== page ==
This led to the inbetweeners. These are the soldiers who fancied themselves grunts but saw the value in keeping a good uniform and understood pragmatically that standing-tall-looking-good-ought-to-be-in-hollywood was good for their professional advancement. But they were torn, because it seemed as if only one path could be chosen – field soldier or garrison soldier. For an infantryman, the choice would be obvious. But to choose the field route meant forfeiting the benefits of the garrison route.

To address this, the inbetweeners decided to maintain a field uniform and a garrison uniform. The field uniform would be the standard issue BDU, but not specially kept. They would never be starched and they would be worn ‘as is’ – wrinkles and all. Field boots would be occasionaly slathered with a chunk of Kiwi quickly rubbed in with the sole intent of preserving the leather. There was little shine, only a matte, dull look that absorbed the sun.

The garrison uniform, on the other hand, would be kept clean and starched heavily. On Monday mornings, it would be carefully removed from its protective plastic wrapper. As arms and legs penetrated the pressed uniform, thin sheets of heavy starch might crack off and fall to the ground, shattering like tiny pieces of glass. Soldiers could look at themselves in the mirror-reflection of their black boots, which may have been shined by hand, or by the boot guy on Yadkin road.

Garrison soldiers could rarely ‘put their arms down.’

A 0900 Monday morning formation was always one filled with grumbles, as the field soldiers scoffed at the parade-ready garrison soldiers, who of course, insisted that they were simply wearing their garrison uniform – not their ‘real’ uniform. Field soldiers retorted that uniforms are uniforms and there should be no distinction, to which the garrison soldiers responded with accusations of laziness and jealousy.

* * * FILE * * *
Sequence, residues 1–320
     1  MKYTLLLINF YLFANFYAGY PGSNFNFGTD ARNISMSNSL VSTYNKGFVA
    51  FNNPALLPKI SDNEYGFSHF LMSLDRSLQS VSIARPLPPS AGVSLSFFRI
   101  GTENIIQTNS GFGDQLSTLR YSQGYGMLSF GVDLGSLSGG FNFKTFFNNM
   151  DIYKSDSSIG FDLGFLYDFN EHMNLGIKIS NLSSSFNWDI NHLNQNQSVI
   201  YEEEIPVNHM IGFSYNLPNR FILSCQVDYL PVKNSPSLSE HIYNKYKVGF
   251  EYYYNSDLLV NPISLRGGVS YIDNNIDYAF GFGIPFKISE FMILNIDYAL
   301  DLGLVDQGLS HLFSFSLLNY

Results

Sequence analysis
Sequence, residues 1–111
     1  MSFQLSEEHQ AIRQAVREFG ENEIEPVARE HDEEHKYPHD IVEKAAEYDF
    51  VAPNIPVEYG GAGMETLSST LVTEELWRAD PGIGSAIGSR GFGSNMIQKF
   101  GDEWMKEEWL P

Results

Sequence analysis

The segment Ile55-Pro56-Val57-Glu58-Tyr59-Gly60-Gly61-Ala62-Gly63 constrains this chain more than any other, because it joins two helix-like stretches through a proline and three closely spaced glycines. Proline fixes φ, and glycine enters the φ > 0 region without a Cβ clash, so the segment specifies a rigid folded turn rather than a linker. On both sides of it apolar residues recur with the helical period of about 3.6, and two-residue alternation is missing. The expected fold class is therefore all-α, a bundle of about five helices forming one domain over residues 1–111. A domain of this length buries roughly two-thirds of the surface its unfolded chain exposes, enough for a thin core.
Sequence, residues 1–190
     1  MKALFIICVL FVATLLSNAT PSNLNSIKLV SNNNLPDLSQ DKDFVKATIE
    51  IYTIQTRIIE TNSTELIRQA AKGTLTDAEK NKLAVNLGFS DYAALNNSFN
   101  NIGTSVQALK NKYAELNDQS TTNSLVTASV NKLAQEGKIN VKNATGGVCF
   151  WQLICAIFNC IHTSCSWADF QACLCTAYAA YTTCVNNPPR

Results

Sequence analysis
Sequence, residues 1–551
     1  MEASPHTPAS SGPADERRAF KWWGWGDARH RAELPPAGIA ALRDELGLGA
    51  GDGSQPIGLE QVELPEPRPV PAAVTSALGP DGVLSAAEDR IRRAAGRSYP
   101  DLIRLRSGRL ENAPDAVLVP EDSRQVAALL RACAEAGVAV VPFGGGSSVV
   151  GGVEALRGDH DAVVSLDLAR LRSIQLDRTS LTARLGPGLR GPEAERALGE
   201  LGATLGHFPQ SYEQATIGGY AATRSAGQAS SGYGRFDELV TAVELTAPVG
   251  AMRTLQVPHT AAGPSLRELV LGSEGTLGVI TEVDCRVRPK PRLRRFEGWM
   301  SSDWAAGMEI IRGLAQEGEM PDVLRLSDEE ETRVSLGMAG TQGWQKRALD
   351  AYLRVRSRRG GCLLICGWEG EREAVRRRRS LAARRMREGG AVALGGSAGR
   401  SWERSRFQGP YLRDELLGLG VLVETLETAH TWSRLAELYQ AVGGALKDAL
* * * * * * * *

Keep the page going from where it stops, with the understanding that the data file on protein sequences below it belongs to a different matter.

That battle didn’t end until the introduction of the ACU and the tan boot, which requires no shoe polish. It’s hard to make the ACU look good, so no one bothered trying.

I recall seeing starched DCUs while deployed. Relevant? No. Silly? Probably.

The point in all this is to highlight the long-held distinctions soldiers have had on garrison life and field life (whether ‘field’ means a week out in the woods, a couple of weeks at NTC or JRTC, or a year-long deployment to Iraq or Afghanistan).

Wherever soldiers are and whatever they are doing, that’s their real job.

Going forward, the challenge for leaders will be to convince a transitioning wartime Army that these ‘old school,’ basic soldiering skills are no less important than core skills related to a particular job. Leading soldiers in combat is important, yes, but should not be taken more seriously than leading soldiers in the rear, where the threat of death and injury exists just as it does while deployed (but with a different enemy).

Soldiering is soldiering, whether it is in the field or in the rear.

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The 3 things you can’t talk about with military folk

PT, shooting, and combatives.